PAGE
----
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The theme of the Hound of Heaven, Thompson's best-known poem, recurs in other poems which are not of a religious nature. In the Hound of Heaven the soul of the poet is in flight from the divine pursuer, who is God, to whom the poet must capitulate at last. God is the Father, the Lover. In the Ode to the Setting Sun and the Orient Ode the sun becomes identified with God, and the poet imagines the planets fleeing from this hunt which is the 'hunt o' the world' and its consummation is 'Thou join'st the woman to the man'. The elaboration of this theme can be followed in The Narrow Vessel, The Ode to the English Martyrs, Laus Amara Doloris, Assumpta Maria. The erotic motive of the chase becomes clear in this elaboration, the pursuer beingFather, God, Sun, Death, while the poet is the pursued, the sufferer, the sacrificer, the woman. The poems are his sacrifices. They 'sum in one all renderings that were', mother and wife of her child, the maid of her virginity, the child of the mother's breast.
Thompson's femininity comes to fullest expression in the Assumpta Maria. He, the poet, is Mary, Mother of God, and Queen of Heaven, and the pursuit theme emerges in the poem Contemplation in its full significance, when he (the poet) 'his mortal house unbars to the importunate and thronging feet'.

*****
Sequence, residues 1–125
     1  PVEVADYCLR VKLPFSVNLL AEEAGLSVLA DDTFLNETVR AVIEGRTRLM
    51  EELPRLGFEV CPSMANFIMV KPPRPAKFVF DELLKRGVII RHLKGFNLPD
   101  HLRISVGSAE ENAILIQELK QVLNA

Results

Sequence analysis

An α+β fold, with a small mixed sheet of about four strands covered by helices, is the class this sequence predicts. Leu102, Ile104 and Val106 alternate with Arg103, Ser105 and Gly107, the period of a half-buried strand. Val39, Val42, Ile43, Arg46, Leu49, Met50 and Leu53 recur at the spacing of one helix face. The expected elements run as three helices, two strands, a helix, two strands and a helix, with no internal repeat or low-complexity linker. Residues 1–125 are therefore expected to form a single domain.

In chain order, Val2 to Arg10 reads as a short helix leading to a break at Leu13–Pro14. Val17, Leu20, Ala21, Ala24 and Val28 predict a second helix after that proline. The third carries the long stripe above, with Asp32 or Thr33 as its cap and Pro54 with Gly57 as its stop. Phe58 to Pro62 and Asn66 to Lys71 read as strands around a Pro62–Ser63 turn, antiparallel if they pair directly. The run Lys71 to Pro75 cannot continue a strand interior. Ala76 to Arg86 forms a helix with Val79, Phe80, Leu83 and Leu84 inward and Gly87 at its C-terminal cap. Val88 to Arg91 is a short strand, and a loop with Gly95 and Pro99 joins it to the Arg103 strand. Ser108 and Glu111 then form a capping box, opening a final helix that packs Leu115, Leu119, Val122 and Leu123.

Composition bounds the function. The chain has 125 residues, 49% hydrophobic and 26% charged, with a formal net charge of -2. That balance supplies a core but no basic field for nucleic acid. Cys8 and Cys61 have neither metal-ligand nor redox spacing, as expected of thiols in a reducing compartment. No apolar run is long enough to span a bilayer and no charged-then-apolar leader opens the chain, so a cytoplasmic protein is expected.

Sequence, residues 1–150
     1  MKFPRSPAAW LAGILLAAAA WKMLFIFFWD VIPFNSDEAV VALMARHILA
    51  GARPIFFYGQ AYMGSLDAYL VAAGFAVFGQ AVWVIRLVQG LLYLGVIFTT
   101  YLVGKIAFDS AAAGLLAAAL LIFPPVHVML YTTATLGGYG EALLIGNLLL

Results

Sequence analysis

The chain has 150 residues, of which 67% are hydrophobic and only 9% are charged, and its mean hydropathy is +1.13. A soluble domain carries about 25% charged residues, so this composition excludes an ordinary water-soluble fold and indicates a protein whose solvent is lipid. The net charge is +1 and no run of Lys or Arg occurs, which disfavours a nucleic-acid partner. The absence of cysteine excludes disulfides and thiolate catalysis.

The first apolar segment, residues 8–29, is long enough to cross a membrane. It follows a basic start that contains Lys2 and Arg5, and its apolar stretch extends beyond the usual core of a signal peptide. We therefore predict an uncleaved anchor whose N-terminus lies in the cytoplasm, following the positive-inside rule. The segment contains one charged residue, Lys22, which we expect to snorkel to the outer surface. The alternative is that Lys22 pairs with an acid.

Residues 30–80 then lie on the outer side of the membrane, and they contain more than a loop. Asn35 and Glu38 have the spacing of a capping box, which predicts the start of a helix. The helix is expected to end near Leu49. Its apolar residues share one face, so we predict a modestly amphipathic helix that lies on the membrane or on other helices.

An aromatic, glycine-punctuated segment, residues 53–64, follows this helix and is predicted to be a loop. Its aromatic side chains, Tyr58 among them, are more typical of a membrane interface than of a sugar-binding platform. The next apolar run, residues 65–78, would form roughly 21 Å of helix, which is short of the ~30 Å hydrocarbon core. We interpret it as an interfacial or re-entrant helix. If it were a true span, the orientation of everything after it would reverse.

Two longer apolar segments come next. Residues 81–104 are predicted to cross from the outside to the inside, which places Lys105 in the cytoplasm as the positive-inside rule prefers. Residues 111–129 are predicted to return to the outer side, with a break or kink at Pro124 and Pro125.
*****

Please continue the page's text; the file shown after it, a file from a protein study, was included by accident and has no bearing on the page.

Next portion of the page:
The poet identifies himself with two types of women, the Pagan and Christian. It is the strength of the erotic motive underlying the former that tortured the poet. Thompson's rejection as a priest is surely linked in his own mind with some deep disquiet concerning his poetry. One remembers the secrecy at home and school concerning his early efforts. He never informed his father.
The poet is the Pagan Goddess in Daphne. But both types are merged and reconciled in poems such as The After-Woman. This reconciliation seems to have been psychologically possible under the influence of Alice Meynell. Love in Dian's Lap, poems dedicated to her, breathe a Christian spirit, but bear a Pagan title, and while they are the poet's delineation of his revered lady, he gives the unconscious significance of them in words referring to his own spirit,